Was Black Beauty always so…grim? Perhaps it was. Admittedly, Anna Sewell’s 1877 novel wasn’t high on my must-read list as a kid, and it’s possible I always just assumed it was about nothing but a kid learning to ride his favorite mustang. But there is a lot more at play here in Ashley Avis’ adaptation for Disney+, not the least of which is an outcry against animal cruelty that hits pretty heavy-handed, but this touching tale of two untamed souls coming together still holds many charms, including Kate Winslet as the title character.
Winslet voices Black Beauty and, if that confuses you, it’s just one of a handful of changes in this updated version of the story. Both Beauty, the wild mustang stolen from her family and shipped to the American West, and so is the young rider whose spirit would match her own. That girl is Jo, played by Twilight and The Nutcracker actress Mackenzie Foy, who has similarly been torn away from her family by tragedy. Game of Thrones’ Iain Glen is the kind-hearted horse trainer who ends up caring for Beauty as well as Jo, despite both of them being fiercely against the idea.
Of course, that fiery spirit is what Beauty and Jo find in one another, with Winslet voicing the horse’s inner monologue through earnest, emotional narration. As long as the perspective stays with Beauty, the film moves along nicely, but gets muddled when the focus shifts to Jo, the resentment and sadness she carries, and at least one fledgling romance with a handsome, rich boy who shares her love of animals.
Coincidence fuels the episodic nature of the story, as Beauty’s well-being depends on the people she comes in contact with. Mostly, the humans she meets are horrible people, and the film gets extra gloomy as she’s bounced around from owner to owner, further away from Jo. Sewell’s novel was a plea for better treatment of animals and that message carries through in a contemporary setting, including the cruelty faced by horses bred for the show circuit. There’s a nice bit about the use of the word “breaking” to describe the taming of horses, with Jo suggesting an alternative that doesn’t like the crushing of one’s spirit. The worst of the owners are played, as expected, in broad strokes. People are either all good or all evil, which fits with the simple messaging of a family-friendly Disney movie. It doesn’t make for the most nuanced story about animal welfare but then you probably aren’t looking for that in Black Beauty, anyway.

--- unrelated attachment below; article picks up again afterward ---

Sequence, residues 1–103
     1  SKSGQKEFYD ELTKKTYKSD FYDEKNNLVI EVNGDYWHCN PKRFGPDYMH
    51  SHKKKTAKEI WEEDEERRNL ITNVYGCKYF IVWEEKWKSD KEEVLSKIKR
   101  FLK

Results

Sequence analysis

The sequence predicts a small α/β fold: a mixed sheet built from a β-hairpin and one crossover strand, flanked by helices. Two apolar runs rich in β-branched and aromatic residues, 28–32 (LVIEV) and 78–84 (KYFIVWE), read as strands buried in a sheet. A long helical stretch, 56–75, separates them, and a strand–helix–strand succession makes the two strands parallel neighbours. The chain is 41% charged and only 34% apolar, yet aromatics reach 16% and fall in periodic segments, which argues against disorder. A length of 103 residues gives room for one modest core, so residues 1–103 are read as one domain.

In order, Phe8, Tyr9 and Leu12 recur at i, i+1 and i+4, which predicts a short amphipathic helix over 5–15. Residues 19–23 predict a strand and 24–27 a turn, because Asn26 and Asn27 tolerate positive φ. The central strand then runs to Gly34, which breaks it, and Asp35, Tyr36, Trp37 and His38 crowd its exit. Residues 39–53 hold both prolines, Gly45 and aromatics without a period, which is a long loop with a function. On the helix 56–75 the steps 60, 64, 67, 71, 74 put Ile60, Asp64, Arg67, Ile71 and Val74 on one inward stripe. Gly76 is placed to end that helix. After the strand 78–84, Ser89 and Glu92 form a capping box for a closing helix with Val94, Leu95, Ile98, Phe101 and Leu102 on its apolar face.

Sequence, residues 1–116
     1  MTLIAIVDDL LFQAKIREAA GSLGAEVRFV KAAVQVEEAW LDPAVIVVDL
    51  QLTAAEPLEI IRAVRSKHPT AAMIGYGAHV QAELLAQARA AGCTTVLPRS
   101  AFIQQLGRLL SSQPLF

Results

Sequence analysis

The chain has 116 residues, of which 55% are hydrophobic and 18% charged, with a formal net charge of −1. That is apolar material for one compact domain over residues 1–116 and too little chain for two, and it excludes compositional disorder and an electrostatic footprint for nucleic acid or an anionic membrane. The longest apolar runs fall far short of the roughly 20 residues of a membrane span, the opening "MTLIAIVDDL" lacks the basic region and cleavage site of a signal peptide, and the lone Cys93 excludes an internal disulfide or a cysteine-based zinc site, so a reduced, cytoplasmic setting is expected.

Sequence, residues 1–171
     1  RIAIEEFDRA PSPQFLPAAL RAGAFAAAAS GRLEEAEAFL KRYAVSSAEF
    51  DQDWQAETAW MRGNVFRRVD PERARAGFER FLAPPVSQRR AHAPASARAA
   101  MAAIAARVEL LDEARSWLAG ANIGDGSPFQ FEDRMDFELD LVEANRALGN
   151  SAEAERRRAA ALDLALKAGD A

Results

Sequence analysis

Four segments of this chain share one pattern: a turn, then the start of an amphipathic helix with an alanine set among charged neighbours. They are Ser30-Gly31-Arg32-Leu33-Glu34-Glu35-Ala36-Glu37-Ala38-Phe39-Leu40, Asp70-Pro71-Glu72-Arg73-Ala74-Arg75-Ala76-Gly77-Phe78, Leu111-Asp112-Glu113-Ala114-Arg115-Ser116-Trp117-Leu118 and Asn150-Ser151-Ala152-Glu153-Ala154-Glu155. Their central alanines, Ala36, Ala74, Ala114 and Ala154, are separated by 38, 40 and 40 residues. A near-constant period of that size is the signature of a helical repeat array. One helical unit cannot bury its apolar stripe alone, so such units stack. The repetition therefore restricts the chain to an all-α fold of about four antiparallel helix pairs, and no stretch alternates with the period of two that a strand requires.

The final act wades fairly deep into the dark side, however, with Beauty facing one heartless master after another. Winslet’s voiceover is especially powerful here, as she gives voice to the horse’s wishes to be reunited with Jo once more. Kids may find this stretch tough to endure, as I’m sure many parents will, as well, since it comes during a series of half-realized subplots that are only about Beauty’s pain. When Avis does finally get around to parting the clouds and letting the light back in Beauty’s life, you realize how inert the film was for a long while, and how ready you were to see her ride off into the sunset and the storybook happiness we wish for all creatures.
Black Beauty begins streaming on Disney+ on November 27th.